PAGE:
BEYOND THE GLASS CEILING
Interview by Dagny Lüdemann
Emmanuelle Charpentier has revolutionised genetic engineering. In her private life, she dreams of deep sea expeditions. She likes androgynously feminine designs by Hedi Slimane. What else makes a woman, predicted to be a future Nobel prize winner, tick?
Her discoveries will change people’s lives. In 2011, the microbiologist Emmanuelle Charpenier published the first groundbreaking research results on the CRISPR/Cas9 Method in Nature Magazine. The following year- with the help of her American colleague Jennifer Doudna- part two of the CRISPR story was released in Science. What may sound complicated describes a fascinating mechanism: Charpentier recognised that bacteria of the strain Streptococcus progenies have a kind of superpower. These germs, which lead to scarlet fever or sore throats in humans, can defend themselves against viruses by cutting out the foreign genetic material that the attackers want to smuggle into our systems, and they also repair the missing section.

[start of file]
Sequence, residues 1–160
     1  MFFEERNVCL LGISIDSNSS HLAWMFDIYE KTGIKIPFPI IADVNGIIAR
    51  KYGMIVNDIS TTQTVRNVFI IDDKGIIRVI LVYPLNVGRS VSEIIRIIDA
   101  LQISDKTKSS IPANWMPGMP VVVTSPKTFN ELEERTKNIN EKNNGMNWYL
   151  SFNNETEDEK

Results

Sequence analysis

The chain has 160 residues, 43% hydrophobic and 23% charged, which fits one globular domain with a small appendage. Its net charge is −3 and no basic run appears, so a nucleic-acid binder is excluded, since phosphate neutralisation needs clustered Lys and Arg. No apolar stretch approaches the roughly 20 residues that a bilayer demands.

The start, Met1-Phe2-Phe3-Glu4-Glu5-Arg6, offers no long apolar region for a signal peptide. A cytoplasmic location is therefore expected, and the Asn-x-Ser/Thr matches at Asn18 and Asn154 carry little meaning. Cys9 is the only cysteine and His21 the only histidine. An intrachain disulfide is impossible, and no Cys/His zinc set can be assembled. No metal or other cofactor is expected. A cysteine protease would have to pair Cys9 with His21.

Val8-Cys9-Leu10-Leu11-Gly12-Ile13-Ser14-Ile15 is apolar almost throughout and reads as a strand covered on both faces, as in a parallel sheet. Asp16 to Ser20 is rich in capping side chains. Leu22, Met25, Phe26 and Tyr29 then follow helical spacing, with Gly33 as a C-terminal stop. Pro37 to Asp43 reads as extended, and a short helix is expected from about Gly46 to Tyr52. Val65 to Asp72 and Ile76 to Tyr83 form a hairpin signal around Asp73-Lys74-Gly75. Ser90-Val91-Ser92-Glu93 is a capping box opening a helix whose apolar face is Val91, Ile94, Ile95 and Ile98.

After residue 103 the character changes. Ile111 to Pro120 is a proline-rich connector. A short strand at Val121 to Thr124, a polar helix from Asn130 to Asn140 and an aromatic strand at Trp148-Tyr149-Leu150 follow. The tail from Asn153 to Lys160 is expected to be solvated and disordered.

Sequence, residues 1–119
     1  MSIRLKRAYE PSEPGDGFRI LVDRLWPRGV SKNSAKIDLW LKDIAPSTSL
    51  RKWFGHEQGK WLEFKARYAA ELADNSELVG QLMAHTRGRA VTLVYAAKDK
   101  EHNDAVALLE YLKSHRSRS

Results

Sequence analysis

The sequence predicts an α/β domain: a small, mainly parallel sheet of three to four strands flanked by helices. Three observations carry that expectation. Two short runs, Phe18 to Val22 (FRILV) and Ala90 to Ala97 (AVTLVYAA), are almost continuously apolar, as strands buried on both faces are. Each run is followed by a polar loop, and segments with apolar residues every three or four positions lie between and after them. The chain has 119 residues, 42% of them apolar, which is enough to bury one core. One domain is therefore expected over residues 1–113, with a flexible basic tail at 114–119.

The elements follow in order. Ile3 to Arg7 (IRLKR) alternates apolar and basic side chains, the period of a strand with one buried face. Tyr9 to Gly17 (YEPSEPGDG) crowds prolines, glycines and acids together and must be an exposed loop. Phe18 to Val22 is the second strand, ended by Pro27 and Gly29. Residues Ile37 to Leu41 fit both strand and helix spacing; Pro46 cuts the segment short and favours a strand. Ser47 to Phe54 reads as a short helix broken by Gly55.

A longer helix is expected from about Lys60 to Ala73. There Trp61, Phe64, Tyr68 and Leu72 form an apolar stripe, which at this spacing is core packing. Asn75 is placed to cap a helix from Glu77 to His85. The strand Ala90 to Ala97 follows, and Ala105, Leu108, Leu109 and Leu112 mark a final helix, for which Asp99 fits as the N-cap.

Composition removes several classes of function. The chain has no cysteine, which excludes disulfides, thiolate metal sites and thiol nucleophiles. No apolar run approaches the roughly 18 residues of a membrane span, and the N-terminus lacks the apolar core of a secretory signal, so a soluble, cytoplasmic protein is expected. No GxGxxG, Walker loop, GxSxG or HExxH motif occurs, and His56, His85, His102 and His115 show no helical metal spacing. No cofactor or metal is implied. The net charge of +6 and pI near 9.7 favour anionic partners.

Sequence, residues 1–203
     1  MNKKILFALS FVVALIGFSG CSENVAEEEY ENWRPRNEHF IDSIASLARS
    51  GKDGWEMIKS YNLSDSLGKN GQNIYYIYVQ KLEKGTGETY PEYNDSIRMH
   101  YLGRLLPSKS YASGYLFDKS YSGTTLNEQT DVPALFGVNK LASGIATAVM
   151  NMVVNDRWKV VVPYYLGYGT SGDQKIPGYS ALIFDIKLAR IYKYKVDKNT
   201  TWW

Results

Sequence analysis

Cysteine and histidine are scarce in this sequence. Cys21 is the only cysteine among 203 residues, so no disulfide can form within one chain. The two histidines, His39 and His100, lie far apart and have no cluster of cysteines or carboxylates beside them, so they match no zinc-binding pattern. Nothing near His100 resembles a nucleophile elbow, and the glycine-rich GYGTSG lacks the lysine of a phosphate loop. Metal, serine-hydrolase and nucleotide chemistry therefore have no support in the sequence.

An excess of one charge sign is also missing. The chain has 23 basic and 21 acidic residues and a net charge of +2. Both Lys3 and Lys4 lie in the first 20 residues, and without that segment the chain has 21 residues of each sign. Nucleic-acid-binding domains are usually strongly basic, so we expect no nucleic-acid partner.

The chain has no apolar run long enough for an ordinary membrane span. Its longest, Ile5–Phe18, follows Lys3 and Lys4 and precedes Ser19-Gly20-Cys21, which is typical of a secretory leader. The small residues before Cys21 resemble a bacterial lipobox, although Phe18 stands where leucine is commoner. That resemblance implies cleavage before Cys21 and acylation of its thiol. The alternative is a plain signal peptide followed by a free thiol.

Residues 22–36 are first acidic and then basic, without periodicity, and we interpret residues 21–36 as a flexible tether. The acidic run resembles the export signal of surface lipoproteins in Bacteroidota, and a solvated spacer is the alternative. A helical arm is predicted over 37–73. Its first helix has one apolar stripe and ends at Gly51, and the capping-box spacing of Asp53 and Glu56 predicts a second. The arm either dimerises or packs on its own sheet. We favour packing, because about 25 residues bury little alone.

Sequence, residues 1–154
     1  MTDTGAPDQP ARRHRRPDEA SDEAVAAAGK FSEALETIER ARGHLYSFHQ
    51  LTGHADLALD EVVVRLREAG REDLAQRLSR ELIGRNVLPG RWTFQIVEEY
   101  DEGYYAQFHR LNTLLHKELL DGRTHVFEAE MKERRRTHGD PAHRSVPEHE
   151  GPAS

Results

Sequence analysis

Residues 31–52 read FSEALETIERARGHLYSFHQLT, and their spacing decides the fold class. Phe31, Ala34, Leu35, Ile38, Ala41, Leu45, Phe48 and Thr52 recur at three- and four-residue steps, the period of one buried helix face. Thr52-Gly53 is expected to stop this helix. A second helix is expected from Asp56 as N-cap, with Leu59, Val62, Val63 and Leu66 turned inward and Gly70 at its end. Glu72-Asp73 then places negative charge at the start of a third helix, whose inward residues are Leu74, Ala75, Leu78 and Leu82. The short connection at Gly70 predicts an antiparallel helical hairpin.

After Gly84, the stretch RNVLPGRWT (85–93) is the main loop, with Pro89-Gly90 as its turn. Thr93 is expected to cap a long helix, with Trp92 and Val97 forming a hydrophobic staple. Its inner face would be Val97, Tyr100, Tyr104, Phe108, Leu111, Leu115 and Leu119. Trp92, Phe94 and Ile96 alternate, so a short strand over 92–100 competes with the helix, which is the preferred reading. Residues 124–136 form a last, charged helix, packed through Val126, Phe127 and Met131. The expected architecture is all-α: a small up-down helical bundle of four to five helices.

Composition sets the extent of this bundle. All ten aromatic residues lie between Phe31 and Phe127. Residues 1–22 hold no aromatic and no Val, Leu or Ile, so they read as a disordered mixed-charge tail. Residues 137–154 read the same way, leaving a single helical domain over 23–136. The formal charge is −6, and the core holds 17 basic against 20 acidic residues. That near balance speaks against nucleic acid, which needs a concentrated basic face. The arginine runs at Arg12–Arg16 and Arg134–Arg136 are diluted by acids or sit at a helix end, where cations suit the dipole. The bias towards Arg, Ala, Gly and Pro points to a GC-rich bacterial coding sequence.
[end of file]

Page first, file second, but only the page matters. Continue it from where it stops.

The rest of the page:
This helpful mutation of a virus can be applied to plants, animals, and humans. With these “gene scissors,” we may not only breed healthier seeds and animals to our heart’s content, but hereditary diseases can also be cured, provided that the CRISPR/Cas9 method proves to be secure enough to process the DNA of people (that is, that our genetic makeup would be able to be read like text on a document.)
Charpentier is already world famous: in 2015, the Max Planck Institute for Infectious Biology brought the French woman to Berlin, where she is currently founding an independent institute for research, for which an entirely new lab is being built. Fräulein visited the microbiologist in her new laboratory, and is happy to reveal that it is women in science and its leadership, that are paving the way for a new strain of healthier humans.